08 January 2015

Treasure Chest Thursday: First Lubiner Progressive Benevolent Association 25th anniversary publication, Part 1

Last summer, Marilyn Silverman, another family history researcher and descendant of immigrants from Labun (aka Lubin, in Yiddish), was able to procure photocopies of pages of two publications created in honor of the 25th and 40th anniversaries of the First Lubiner Progressive Benevolent Association (FLPBA). Relatives of hers are the daughters of Julius Reitman, a past president of the the FLPBA, and his wife Sarah Scherman Reitman. Both Marilyn and I had hoped to either get the documents, themselves, or make good color copies of the pages. Unfortunately, the sisters involved had their own ideas, and provided photocopies of their own selection of pages for Marilyn.

In a previous Treasure Chest Thursday post we looked at the 1911 incorporation papers of the landsmanshaft (community support group) for Labun immigrants who had settled in New York City. Today and on the next few Thursdays we'll look at some of the pages copied from the 25th anniversary booklet (presumably from 1936, since the the FLPBA was organized in 1911).
These gentlemen were officers of the FLPBA during the 25th anniversary celebration. Actually, I know that I am related to three out of four of them: Nathan Garber (my great uncle), Abraham Sotskess (who married my great great aunt, Rivka Malzman/Rebecca Myers), and Joseph Myers (my great great uncle and Rivka's brother).

Nathan Garber (1884-1963), son of Avrum Garber and Khana Matsevitsky, was born in Lubin, Zaslav Uyezd, Volhynia Gubernia, Russian Empire (today, Yurovshchina, Khmelnitskyy Oblast, Ukraine). He married Yetta and had two daughters prior to emigrating in 1910. He settled in the lower east side of New York City and his family joined him there in 1912.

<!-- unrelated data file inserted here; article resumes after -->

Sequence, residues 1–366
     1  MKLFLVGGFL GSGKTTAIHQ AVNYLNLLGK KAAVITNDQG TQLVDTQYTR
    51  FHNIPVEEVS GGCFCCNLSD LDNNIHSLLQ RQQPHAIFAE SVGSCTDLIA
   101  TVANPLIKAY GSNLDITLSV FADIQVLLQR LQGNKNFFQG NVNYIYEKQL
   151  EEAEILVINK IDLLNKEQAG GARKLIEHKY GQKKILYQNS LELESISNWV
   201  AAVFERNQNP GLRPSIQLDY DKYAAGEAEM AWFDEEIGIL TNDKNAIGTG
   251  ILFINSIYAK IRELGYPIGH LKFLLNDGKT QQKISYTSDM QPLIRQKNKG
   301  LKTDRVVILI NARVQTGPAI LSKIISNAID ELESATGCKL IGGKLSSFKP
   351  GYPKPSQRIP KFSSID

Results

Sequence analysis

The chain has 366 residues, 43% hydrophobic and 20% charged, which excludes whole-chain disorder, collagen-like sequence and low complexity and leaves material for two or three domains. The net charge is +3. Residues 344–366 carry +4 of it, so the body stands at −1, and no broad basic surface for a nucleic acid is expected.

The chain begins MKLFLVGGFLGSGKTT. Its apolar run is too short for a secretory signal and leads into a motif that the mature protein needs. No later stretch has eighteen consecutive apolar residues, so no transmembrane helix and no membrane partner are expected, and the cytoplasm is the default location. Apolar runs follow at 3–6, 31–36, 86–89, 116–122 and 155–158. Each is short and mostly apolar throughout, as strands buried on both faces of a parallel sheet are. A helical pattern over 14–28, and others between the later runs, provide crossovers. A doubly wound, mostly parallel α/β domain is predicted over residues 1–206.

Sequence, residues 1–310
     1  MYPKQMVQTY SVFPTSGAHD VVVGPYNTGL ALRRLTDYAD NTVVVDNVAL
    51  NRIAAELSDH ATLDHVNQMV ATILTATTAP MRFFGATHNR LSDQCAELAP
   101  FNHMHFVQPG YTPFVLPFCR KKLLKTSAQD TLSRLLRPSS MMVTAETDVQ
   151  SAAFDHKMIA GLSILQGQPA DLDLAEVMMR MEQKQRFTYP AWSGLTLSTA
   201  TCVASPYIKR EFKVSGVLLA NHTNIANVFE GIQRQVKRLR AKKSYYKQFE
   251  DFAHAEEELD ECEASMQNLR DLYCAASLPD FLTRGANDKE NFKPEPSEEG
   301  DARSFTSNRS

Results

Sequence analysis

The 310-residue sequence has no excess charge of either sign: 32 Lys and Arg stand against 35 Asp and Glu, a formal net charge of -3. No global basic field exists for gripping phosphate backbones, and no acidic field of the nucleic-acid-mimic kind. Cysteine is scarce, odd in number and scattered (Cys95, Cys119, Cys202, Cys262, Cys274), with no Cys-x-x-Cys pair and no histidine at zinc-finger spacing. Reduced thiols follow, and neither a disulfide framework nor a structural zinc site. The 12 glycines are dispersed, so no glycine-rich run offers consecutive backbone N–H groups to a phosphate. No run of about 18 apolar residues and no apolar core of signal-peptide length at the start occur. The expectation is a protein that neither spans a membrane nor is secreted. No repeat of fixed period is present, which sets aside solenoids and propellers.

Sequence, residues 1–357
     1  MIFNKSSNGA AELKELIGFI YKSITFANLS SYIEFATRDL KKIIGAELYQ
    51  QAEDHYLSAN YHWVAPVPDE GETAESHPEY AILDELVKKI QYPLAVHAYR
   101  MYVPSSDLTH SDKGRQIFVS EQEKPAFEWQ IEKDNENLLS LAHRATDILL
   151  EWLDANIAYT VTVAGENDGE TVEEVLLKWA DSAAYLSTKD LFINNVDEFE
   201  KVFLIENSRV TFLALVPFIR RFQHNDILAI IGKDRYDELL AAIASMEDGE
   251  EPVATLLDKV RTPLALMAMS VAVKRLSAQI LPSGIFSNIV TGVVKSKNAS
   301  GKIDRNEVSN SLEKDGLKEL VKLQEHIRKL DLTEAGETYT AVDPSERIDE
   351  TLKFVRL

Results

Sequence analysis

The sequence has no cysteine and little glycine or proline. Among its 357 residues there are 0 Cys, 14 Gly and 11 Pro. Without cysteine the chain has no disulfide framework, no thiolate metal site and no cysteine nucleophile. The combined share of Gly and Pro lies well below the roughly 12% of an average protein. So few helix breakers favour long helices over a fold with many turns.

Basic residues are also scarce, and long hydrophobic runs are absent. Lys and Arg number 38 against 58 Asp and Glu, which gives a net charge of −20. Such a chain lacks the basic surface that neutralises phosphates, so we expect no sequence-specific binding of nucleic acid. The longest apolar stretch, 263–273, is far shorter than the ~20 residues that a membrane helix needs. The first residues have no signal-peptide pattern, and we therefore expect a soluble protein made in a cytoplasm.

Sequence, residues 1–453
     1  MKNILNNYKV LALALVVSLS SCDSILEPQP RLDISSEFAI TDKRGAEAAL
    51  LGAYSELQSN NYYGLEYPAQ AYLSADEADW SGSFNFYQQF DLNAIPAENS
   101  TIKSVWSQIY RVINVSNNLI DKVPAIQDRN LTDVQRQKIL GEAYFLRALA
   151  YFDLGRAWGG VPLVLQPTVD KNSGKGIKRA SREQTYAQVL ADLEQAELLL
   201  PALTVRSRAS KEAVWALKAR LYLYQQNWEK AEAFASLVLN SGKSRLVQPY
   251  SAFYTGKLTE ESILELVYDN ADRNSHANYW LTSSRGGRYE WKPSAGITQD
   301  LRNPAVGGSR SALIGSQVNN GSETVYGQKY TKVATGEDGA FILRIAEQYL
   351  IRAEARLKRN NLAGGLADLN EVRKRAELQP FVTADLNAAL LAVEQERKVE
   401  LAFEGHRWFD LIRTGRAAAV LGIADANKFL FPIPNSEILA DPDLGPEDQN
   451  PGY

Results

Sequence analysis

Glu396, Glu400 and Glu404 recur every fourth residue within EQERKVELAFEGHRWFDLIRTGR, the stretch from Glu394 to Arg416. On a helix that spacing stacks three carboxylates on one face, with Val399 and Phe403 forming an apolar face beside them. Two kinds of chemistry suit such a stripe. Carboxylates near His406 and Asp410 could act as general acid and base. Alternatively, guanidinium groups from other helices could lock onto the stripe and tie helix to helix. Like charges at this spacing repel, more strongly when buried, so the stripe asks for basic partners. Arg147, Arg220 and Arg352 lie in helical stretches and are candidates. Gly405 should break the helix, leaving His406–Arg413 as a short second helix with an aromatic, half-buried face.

Nathan worked in the butter and eggs business, sometimes as an egg candler. This is an interesting profession, probably most necessary for Jewish people who keep kosher. Fertilized eggs (the ones we may see when we crack eggs and find bits of blood in them) are considered not kosher. So, Nathan's job, as I understand it, was to hold eggs up to the light to see if spots of blood were present.

Abraham Sotskess (1877-1948), was born in Chodorow, located about 33 miles SSE of Lviv, Ukraine and came to the United States in 1910.[1] His wife, the former Rivka Malzman, arrived a few months later. Her most recent residence had been in Lubin. Abraham's and Rivke's surname at immigration was Czaczkes (pronounced Tchotchkiss, meaning "toy"). His manifest notes that he had a glass eye. 

Abraham worked as a glazier in New York City. Abraham's Ellis Island manifest indicated that he was going to a brother, Isaak, in Manhattan. But, when he died intestate (without a will) several years after his wife, Abraham's probate record indicated that he had no relatives in the New York City area.[2] The public administrator of his estate found addresses for three siblings in Argentina: Aida Sotskess and Faiga Sotskess of Allevenida, Argentina and Miguel Chachkin of Buenos Aires.

Joseph Myers (1889-1945), another glazier, was born in Lubin to David Myers (Malzman) and Ida (Chaye Sura) Kesselman. Joseph arrived in the United States in 1910, married Rose Adler in 1913, raised two children to adulthood, and lived out his life in the Bronx and Manhattan. Joseph's 1906 manifest record indicated he was fair-haired with blue eyes. His World War I draft registration differs, showing black eyes.

There are several things about Abraham Krakowsky (1888-1985), that I have yet to determine. He appears, based on his naturalization and manifest, not to have been an immigrant from Labun.[3] It is possible that his wife Rose was the immigrant, but I have not been able to determine her maiden name. He and Rose, as well as their son Murray (aka Morris), are buried in the FLPBA Beth Moses Cemetery plot. 

1. "New York Passenger Lists, 1820-1957," digital images, Ancestry.com (http://www.ancestry.com: accessed 23 November 2008), manifest, S.S. President Lincoln, Hamburg to New York, arriving 26 May 1910, p.104, line 27, Abraham Czaczkes; citing National Archives Microfilm Serial: T715; Microfilm Roll: 1487 .
2. New York County, New York, Abraham Sotskess probate case file no. 3569-1948, Surrogate's Court, New York City.
3. Abraham Krakowsky petition for naturalization no. 22634 (1920),  page 240, Eastern District of New York.
"New York Passenger Lists, 1820-1957," digital images, Ancestry.com (http://www.ancestry.com: accessed 8 January 2015), manifest, S.S. Grosser Kurfurst, Bremen to New York, arriving 3 February 1909, list 4, line 15, Pinkus Krakowsky [indexed as Ainkus Krakowsky]; citing NARA microfilm serial T715, roll  1194.

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